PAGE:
In a much-watched case, U.S. Judge Richard J. Sullivan in the Southern District of New York ruled on Monday that “Tiffany, the famous jeweler with the coveted blue boxes,” not eBay, must suffer the burden of apparently rampant sales of counterfeit Tiffany silver on the popular website, which serves sellers (and buyers) of both genuine and counterfeit Tiffany silver jewelry. Tiffany v. eBay, 04 Civ. 4607. July 14, 2008. Tiffany left no stone unturned, asserting claims for direct and indirect (contributory): trademark infringement; false designation of origin (Section 43(a)); New York/common law unfair competition; dilution by both blurring and tarnishment, federal and state; and false advertising (43(a) again). eBay won on all claims for two reasons.
1. eBay’s use of Tiffany on its own website and in sponsored links on the Yahoo! and Google search engines was nominative fair use of the Tiffany trademark to describe genuine Tiffany merchandise on the eBay website. Such use was considered not to describe the considerable amount of counterfeit Tiffany merchandise also offered and sold on the eBay website because eBay prohibits the sale of counterfeit merchandise, and it isn’t eBay’s fault if counterfeiters flout the rules.
2. eBay, while it knows as a generalized matter that it may be hosting sellers of counterfeit Tiffany goods, has no specific knowledge of which of its sellers those may be, and as soon as Tiffany (or some other source) identifies them, it takes them down. Ultimately, this reason turns on the Court’s adoption of the test whether eBay knew of or had reason to know that it was offering specific facilities to Tiffany counterfeiters; in accepting that test, the Court rejected the common law test of whether eBay could “reasonably anticipate” such infringement – a test under which Tiffany seemingly would have won.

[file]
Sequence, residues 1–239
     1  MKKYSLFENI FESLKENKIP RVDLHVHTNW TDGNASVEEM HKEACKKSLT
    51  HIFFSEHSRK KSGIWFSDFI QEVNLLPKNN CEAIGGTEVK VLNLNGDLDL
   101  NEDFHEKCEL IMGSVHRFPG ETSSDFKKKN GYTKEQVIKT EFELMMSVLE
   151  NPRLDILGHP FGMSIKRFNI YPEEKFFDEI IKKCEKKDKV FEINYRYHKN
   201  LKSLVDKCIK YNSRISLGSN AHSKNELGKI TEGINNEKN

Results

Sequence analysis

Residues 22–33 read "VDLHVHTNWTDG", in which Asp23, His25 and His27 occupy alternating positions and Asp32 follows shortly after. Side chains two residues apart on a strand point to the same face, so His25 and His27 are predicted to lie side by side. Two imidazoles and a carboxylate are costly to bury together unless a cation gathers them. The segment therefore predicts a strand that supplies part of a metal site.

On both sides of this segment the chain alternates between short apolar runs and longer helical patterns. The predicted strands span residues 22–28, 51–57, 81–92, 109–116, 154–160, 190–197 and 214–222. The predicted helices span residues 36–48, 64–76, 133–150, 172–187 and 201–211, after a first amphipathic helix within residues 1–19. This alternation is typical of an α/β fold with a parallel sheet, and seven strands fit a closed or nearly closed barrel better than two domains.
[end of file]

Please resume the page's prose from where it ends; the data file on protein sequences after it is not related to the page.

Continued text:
Very early in the decision is the following curious passage: “The result of the application under this legal standard [point 2 above] is that Tiffany must ultimately bear the burden of protecting its trademark. Policymakers may yet decide that the law as it stands in inadequate to protect rights owners in light of the increasing scope of Internet commerce and the concomitant rise in potential trademark infringement. Nevertheless, under the law as it currently stands, it does not matter whether eBay of Tiffany could more effectively bear the burden of policing the eBay website for Tiffany counterfeits – an open question left unresolved by this trial. . . .”
The decision seems likely to be appealed, and is philosophically contrary to the recent Vuitton decision in France (see below).
LVMH v. eBay (Commercial Court of Paris, June 30, 2008)
The French eBay decisions delivered on June 30, 2008 are probably not the end of eBay’s business model in Europe, but seriously question its profitability. If approved at higher instances, they would mean eBay would have to spend much more money on preventing illegal auctions and would have to close down many of them before the first bid. From a legal perspective, the decisions were landmark rulings under two aspects:
1. The Commercial Court of Paris accepted an obligation of eBay to proactively prevent the sale of counterfeit goods on its web site, holding that the “notice and take down” procedure offered by eBay to right holders was not enough. As eBay could not show sufficient measures in this regard (the court suggested, i.e., to ask for sales receipts or for certificates of authenticity), the judges found eBay guilty of a grossly negligent trademark infringement and awarded damages of about 35 million Euros for the sale of counterfeit “Louis Vuitton” handbags and “Dior” clothes.
2. The court approved an obligation of eBay to proactively prevent the sale of grey market goods, approving the selective distribution systems of several perfume producers who had brought action against the sale of their genuine products on eBay. As eBay had no measures in place at all in this regard, the court found eBay guilty of a grossly negligent impairment of several selective distribution systems, awarding damages of about 3 million Euros for the sale of, i.e., genuine “Dior,” “Guerlain,” “Kenzo,” and “Givenchy” perfumes on eBay’s platform.
The court held in all cases that eBay was not a mere platform provider, but rather a broker which benefits from the sales on its platform. The judges reproached eBay with having ignored in many cases clear indications of counterfeits (“nice imitation”) or of grey market goods (including notes on the products saying that they should only be distributed by licensed dealers). Besides, they accused eBay of not having checked the registration of power sellers in the commercial registers and with not having immediately and permanently closed affected auctions and seller accounts.